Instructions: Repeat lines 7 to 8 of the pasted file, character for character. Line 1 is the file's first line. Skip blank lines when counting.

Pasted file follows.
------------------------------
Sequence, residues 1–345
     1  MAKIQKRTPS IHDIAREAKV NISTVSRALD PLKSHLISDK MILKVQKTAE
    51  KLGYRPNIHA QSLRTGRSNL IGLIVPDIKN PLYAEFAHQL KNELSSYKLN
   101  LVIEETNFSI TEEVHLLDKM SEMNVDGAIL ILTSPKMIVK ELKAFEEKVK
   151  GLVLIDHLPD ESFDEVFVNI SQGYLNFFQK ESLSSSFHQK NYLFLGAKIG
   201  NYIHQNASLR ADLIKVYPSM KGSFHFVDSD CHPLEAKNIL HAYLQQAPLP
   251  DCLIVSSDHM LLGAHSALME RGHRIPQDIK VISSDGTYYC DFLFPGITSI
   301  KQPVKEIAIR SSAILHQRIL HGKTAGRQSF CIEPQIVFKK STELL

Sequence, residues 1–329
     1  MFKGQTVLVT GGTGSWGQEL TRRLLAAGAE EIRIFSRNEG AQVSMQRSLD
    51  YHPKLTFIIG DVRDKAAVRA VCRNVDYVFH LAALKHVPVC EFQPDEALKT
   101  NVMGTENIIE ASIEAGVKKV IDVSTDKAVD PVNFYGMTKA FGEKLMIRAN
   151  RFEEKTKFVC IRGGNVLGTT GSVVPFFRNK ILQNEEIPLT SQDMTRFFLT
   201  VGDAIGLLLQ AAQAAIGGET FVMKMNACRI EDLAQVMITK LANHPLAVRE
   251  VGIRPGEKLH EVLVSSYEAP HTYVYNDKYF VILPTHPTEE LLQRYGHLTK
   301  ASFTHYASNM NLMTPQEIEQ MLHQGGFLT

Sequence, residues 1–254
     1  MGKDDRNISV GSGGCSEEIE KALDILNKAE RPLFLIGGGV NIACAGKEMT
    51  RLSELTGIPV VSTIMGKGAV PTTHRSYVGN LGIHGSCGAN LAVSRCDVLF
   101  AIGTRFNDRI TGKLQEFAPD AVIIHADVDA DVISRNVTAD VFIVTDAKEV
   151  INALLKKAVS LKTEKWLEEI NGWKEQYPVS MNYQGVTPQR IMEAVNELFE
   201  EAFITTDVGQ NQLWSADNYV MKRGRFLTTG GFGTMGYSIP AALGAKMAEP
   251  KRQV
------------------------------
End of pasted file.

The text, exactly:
   251  DCLIVSSDHM LLGAHSALME RGHRIPQDIK VISSDGTYYC DFLFPGITSI
   301  KQPVKEIAIR SSAILHQRIL HGKTAGRQSF CIEPQIVFKK STELL